Making sense of our suffering

What has been your most difficult trial in the last couple of years?

Sickness, strained relationships, persecution, isolation, financial difficulties, family problems?

Today, as all through the ages, people have different responses to trials, suffering and hardship.

They may think, “God obviously doesn’t care about me.”

Or, “God has deserted and abandoned me.”

Or, “I must have done something wrong and God is punishing me.”

Or, “Christianity is just a farce.  If God really did love me this would not be happening.”

The Christians, to whom the Apostle Peter wrote the letter we know as “1 Peter”, were also suffering and facing many trials.

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Don’t live in cuckoo-cuckoo land

syriaWe don’t need the Bible to tell us about the reality of suffering and evil, it’s all too common to us.  The Bible says we live in a fallen, broken, scarred world where evil and suffering are prevalent.  In fact, the Bible is the only book in our world that can truly explain why the world is like it is.

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National Geographic and the wisdom of God

goat 1Imagine this terrible scenario: You are lying in a hospital bed being kept alive artificially by plastic tubes in your arm and nose. A killer hurricane has destroyed everything you own and all you’ve worked for – your house, you car and your savings. You family has not survived. You’re hanging on to life. You move through the normal stages of grief, but your prayers are tinged with bitterness, “If only God would visit me and give me some answers. What has happened contradicts everything I know about God. If I would just show up and explain why!”

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The message of Job vs the “prosperity” gospel

large__6790625269 (1)Christians sometimes experience the depths of despair In Job chapters 1-2 Job has lost his livelihood, his business, his employees, his children and has been inflicted with a loathsome, painful, debilitating skin-disease. Yet 3 times in these chapters it says he is blameless. In other words, he is above reproach, a man of integrity and not living in sin. He is also a believer. Blameless believers, who have not fallen into sin, may go through utter dereliction.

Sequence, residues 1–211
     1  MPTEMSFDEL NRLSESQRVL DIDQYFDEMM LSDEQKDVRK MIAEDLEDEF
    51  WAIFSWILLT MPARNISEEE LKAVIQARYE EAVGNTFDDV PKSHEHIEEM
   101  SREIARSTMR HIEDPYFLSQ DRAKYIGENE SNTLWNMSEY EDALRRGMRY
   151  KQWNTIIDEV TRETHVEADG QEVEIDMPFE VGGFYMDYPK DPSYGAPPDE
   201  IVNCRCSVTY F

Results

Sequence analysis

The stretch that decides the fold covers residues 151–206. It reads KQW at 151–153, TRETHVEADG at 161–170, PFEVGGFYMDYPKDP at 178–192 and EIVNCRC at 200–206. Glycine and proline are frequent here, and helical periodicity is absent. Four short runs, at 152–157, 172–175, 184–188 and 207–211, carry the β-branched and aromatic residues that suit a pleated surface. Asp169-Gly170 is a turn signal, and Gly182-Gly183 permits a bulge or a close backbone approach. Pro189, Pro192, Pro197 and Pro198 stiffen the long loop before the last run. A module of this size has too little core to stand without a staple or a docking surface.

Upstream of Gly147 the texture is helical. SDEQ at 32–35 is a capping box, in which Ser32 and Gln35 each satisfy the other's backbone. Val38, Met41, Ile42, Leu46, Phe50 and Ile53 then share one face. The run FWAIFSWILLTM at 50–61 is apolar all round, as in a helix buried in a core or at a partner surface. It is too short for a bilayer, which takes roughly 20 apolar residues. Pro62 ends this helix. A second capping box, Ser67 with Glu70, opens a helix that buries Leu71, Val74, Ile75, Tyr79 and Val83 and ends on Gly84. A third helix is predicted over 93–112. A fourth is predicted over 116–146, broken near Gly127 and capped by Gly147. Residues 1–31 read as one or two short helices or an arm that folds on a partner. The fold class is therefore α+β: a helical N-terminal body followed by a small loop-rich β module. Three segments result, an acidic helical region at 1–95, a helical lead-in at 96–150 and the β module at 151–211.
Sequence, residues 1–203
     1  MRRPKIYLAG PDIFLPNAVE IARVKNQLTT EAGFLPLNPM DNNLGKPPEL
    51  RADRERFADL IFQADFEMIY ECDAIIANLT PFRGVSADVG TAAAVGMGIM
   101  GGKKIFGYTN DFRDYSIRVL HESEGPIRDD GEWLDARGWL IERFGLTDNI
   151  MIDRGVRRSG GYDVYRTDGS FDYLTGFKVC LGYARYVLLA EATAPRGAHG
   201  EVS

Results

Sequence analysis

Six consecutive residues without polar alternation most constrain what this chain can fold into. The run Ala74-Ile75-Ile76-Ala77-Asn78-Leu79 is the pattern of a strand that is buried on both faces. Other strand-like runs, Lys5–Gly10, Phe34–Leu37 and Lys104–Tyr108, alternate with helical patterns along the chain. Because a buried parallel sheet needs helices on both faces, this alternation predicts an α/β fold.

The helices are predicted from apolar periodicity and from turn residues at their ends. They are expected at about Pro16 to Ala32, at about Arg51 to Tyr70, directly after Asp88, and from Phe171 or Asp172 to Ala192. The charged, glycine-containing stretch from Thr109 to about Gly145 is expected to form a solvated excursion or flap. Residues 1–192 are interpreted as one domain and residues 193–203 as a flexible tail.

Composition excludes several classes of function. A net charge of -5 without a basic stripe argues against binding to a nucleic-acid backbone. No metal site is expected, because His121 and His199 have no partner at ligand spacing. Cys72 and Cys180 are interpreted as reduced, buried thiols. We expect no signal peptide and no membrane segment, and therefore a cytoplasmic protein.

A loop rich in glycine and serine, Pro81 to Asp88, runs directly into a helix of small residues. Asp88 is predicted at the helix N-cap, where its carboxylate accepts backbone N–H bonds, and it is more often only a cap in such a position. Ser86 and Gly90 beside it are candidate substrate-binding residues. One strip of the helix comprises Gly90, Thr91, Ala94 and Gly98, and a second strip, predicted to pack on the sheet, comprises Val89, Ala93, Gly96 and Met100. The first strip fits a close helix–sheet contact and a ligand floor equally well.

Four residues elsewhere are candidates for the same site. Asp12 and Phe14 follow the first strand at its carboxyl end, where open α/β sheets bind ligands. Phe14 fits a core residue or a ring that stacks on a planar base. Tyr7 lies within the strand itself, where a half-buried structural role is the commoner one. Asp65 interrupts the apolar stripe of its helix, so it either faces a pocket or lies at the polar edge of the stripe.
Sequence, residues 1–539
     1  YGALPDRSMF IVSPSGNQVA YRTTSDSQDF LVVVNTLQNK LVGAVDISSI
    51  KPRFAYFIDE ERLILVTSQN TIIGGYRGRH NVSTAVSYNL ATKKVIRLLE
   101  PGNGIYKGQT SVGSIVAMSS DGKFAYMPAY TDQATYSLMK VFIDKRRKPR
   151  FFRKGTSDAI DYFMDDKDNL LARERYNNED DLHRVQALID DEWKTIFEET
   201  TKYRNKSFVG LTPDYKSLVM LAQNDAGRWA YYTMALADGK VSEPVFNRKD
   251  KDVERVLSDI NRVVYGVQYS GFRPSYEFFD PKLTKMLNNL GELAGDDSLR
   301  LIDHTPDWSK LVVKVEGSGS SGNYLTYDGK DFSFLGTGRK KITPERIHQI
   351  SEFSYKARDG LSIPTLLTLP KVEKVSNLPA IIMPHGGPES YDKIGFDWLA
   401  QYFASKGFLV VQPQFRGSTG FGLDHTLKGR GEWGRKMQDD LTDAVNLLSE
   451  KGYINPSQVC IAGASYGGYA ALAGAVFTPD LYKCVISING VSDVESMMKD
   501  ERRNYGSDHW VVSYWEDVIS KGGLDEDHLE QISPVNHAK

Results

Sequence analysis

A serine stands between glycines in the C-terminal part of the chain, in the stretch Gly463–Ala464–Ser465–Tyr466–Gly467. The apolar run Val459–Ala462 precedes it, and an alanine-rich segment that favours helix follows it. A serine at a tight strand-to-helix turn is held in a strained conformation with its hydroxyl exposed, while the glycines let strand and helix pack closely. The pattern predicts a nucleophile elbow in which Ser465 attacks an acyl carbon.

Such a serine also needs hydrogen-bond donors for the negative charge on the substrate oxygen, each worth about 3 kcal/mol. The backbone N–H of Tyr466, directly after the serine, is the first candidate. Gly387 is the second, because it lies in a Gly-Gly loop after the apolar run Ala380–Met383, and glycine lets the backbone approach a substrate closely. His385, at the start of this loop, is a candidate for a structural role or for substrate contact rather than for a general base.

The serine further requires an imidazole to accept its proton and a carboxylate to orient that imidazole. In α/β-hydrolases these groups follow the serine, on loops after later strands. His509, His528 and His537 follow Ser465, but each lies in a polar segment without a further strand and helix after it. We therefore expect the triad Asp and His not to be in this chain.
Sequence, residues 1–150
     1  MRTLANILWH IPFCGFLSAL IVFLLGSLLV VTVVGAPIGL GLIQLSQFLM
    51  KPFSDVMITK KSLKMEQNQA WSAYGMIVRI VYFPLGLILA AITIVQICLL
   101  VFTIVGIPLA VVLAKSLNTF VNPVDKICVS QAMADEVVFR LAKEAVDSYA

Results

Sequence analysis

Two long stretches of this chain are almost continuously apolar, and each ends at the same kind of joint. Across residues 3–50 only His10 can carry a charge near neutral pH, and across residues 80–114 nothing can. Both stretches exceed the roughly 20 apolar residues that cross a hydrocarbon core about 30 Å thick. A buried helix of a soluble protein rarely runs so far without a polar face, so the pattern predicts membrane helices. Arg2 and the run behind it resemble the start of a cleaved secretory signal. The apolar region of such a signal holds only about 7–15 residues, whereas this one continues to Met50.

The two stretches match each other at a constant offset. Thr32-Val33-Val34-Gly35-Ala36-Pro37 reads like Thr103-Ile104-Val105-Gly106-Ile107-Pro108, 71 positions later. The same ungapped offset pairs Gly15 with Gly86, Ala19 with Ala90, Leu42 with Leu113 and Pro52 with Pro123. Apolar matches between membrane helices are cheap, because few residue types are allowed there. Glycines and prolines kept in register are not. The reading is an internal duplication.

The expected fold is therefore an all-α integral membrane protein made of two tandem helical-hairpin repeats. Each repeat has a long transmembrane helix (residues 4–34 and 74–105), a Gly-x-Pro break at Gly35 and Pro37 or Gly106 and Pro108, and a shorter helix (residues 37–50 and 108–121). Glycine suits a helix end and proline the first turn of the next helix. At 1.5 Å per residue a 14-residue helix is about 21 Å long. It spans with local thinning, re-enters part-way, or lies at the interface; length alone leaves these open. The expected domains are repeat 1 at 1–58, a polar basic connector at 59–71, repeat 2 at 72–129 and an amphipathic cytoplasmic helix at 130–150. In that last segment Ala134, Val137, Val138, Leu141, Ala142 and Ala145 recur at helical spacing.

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Three lessons from Job

SufferingAs I mentioned in a previous post, one of our dogs died last week. Charlie, a dachshund, slipped a disk and started going paralysed and we had to have him put down. We were devastated. And even though Charlie was only a dog, I found myself asking, “Why did God allow this to happen? Charlie wasn’t a bad dog! Why not cause bad dogs to slip a disk? Why did he do to deserve it? What did we do that God is punishing our dog?”

 Many in our church have suffered greatly, losing loved ones, parents, siblings, friends and even children. We have all seen the suffering caused by disease, death and disaster. Because we are created in the image of God, we instinctively know that there is something wrong with our world and this is not how it’s supposed to be. Perhaps the most common question people have is, “Why does a good God allow suffering and sorrow and slipped disks? Why do bad things happen to good people?”

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What’s lacking in the death of Jesus?

Suffering must be part of normal Christian living.  Any theology or type of Christianity that teaches that Christians should live the victorious life and not suffer is at best unbiblical and at worst extremely dangerous.
The Bible teaches that God is sovereign over all of life and at times appoints suffering in the lives of his people. 

The Apostle Paul was no stranger to suffering.  He saw suffering as a normal part of Christian living, in fact, he saw suffering as a gift from God.  He wrote in Philippians 1:29, “For it has been granted to you on behalf of Christ not only to believe on him, but also to suffer for him”.  Suffering is a gift that God gives to those found worthy enough to suffer “on behalf of Christ”.

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The irony of Jesus

At Jesus baptism, a voice speaks from heaven and says, “You are my Son, whom I love; with you I am well pleased.” (Mark 1:8)  The voice (aka God the Father) echoes Psalm 2:7 and Isaiah 42:1.  What makes this astounding is the two radically different people these two passages refer to. 

Psalm 2 refers to God’s great anointed King who will rule forever over God’s people and shatter all God’s enemies.  It is a psalm about the enthronement of the godly king and the futility of rebelling against him.

 Isaiah 42 is quite different.  Isaiah 42 introduces us to the suffering servant of God who is crushed and bruised and beaten.  He dies for the sins of others and wounded for others’ transgressions. He is smitten, afflicted and led to the slaughter (see Isaiah 53).

 At Jesus’ baptism, God the Father makes it clear that both the king and the servant are combined in Jesus.  Jesus is God’s king who will rule forever and who will smash his enemies.  Jesus is also the servant who establishes his rule by dying and rising again.  Jesus dies for the sins of others so that others may join him in his kingdom. 

 Many first century people failed to see the irony of Jesus. They failed to see that glory and suffering must go together. Have you understood the irony?